DVD Release Date:  November 9, 2010
Theatrical Release Date:  June 25, 2010
Rating:  PG-13 (for crude material including suggestive references, language and some male rear nudity)
Genre:  Comedy
Run Time:  102 min.
Director:  Dennis Dugan
Actors:  Adam Sandler, Kevin James, David Spade, Chris Rock, Rob Schneider, Salma Hayek, Maria Bello, Maya Rudolph, Colin Quinn, Steve Buscemi, Tim Meadows

The new Adam Sandler comedy Grown Ups is the movie equivalent of a skit that airs between 12:30 and 1 a.m. on Saturday Night Live. A lot of it falls flat, but if you're in a forgiving mood, you might find yourself chuckling despite your better judgment.

The comparison is apt because Grown Ups stars several comedians from the SNL cast during the 1990s. Many of the performers have worked together before, and anyone who's watched full episodes of SNL rather than the condensed highlights knows how often the comedians struggle to make subpar sketch writing engaging. In Grown Ups, they do that for 102 minutes, and from time to time their efforts pay off.

Sure, you could pretend the film never made you smile. After all, it has a warmed-over quality that, even by the standards of mushy Adam Sandler comedies (we're talking about a guy who once made Click), feels lazily written and/or improvised by the principal characters. Nevertheless, the performers' familiarity with each other from their years of working together shows. They don't go back as far as their characters do—to their childhoods—but they really are old friends. They understand comic timing, even when the material they're delivering is beneath their comedic capabilities, and they wring it for all it's worth—which isn't much. Yet coming on the heels of a spate of Judd Apatow-produced raunchy comedies (Funny People, Year One), Grown Ups feels like a bit of a throwback. It's bawdy at times—if you go, don't take the kids—but it's not an out-and-out raunchfest.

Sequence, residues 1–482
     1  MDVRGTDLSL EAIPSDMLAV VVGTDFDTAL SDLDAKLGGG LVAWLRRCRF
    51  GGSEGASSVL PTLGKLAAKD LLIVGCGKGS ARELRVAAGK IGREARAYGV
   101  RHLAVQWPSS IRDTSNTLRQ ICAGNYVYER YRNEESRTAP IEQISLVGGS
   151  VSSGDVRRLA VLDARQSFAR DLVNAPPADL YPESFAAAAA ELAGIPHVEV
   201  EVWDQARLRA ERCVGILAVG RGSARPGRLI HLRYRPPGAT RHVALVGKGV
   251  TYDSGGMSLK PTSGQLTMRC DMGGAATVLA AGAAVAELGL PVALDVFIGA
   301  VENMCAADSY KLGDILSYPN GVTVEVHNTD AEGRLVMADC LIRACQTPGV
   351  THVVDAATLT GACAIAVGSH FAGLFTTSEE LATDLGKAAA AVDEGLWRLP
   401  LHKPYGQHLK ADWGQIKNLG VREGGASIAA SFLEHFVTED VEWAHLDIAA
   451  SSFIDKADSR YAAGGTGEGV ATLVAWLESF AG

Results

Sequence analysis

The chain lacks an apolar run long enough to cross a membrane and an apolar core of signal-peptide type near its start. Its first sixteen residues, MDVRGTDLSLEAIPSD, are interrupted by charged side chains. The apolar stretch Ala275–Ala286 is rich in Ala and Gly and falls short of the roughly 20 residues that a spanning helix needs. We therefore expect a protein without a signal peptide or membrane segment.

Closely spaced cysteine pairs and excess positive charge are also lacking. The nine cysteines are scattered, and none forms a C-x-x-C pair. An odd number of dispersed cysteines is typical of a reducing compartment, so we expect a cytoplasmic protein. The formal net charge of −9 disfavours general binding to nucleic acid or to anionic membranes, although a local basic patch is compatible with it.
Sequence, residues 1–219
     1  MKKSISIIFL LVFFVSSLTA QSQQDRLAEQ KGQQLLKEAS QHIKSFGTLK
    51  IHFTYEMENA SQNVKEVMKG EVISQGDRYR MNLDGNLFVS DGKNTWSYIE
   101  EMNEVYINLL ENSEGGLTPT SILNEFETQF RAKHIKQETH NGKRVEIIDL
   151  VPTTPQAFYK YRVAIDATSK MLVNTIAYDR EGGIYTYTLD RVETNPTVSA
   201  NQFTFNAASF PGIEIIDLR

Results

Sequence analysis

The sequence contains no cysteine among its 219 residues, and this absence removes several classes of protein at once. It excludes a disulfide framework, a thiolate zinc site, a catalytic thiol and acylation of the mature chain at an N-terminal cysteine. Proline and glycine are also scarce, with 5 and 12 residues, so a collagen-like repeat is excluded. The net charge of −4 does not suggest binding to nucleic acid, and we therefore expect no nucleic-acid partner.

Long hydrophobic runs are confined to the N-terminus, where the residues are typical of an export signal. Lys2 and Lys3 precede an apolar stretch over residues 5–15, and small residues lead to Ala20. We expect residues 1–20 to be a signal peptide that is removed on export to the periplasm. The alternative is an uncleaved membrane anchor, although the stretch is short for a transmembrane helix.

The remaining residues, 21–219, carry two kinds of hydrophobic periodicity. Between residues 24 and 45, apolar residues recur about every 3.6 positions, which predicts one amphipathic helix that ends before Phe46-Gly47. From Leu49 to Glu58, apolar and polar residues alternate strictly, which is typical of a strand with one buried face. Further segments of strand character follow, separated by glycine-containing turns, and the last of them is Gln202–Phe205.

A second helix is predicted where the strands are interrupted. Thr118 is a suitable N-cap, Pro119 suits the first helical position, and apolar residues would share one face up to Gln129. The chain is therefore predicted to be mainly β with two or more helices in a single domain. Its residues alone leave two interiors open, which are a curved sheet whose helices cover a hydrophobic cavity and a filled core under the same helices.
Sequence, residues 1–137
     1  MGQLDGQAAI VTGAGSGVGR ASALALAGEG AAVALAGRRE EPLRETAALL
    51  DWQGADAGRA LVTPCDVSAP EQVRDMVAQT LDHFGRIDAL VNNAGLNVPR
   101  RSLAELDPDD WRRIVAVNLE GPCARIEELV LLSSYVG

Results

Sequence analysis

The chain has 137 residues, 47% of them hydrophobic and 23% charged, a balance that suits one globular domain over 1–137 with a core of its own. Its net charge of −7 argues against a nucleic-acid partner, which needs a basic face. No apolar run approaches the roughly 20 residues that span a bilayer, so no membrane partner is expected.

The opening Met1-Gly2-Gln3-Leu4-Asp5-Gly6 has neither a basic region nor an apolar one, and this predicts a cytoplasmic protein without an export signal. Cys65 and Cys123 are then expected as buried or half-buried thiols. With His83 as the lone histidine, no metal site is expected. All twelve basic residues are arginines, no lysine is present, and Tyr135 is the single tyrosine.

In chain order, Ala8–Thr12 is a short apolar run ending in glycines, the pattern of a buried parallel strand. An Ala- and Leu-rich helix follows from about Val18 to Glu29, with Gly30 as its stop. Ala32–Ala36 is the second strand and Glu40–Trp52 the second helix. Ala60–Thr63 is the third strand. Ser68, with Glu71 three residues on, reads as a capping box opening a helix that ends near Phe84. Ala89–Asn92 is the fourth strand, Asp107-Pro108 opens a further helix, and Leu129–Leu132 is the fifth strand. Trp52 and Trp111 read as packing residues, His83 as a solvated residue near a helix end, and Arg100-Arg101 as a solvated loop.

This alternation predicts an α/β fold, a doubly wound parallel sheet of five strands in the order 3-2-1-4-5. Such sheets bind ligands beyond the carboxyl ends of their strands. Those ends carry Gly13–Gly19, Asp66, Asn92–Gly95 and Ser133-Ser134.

The film, cowritten by Sandler and Fred Wolf (he wrote the forgettable Dickie Roberts: Former Child Star and Joe Dirt, both starring David Spade), focuses on Lenny (Sandler), Eric (Kevin James), Kurt (Chris Rock), Marcus (Spade) and Rob (Rob Schneider). They bonded as 12-year-old basketball champions under the guidance of their coach. He guides them both on the court and off it, using the game-ending buzzer as a catchall metaphor for life lessons. "You don't want to have any regrets at the final buzzer of life," he tells the team. Years later, when coach hears the final buzzer, the former teammates gather for his funeral and spend a weekend getting reacquainted.

Lenny is married to an elite fashion designer (Salma Hayek) who'd rather be at a show in Milan than watching Lenny bond with his old pals during an extended stay in the sticks. Eric is married to a woman (Maria Bello) who still breast-feeds their four-year-old, Rob is on his fourth marriage, this time to a woman who's old enough to be his mother. Kurt does the cooking and keeps house for his wife (Maya Rudolph) while enduring the cutting comments of his mother-in-law. Marcus remains single, goading the other guys into various games of one-upmanship.

Through their few days together, the men will reconnect and somehow strengthen their marriages, even as they joke about their sundry marital problems. A bout with a team of old rivals (including Steve Buscemi and SNL alums Tim Meadows and Colin Quinn) is perfunctory but, for better or worse, gives those actors a chance to ham it up. Your willingness to endure their one-dimensional performances will depend on the goodwill you bring to the actors based on their earlier comedic work.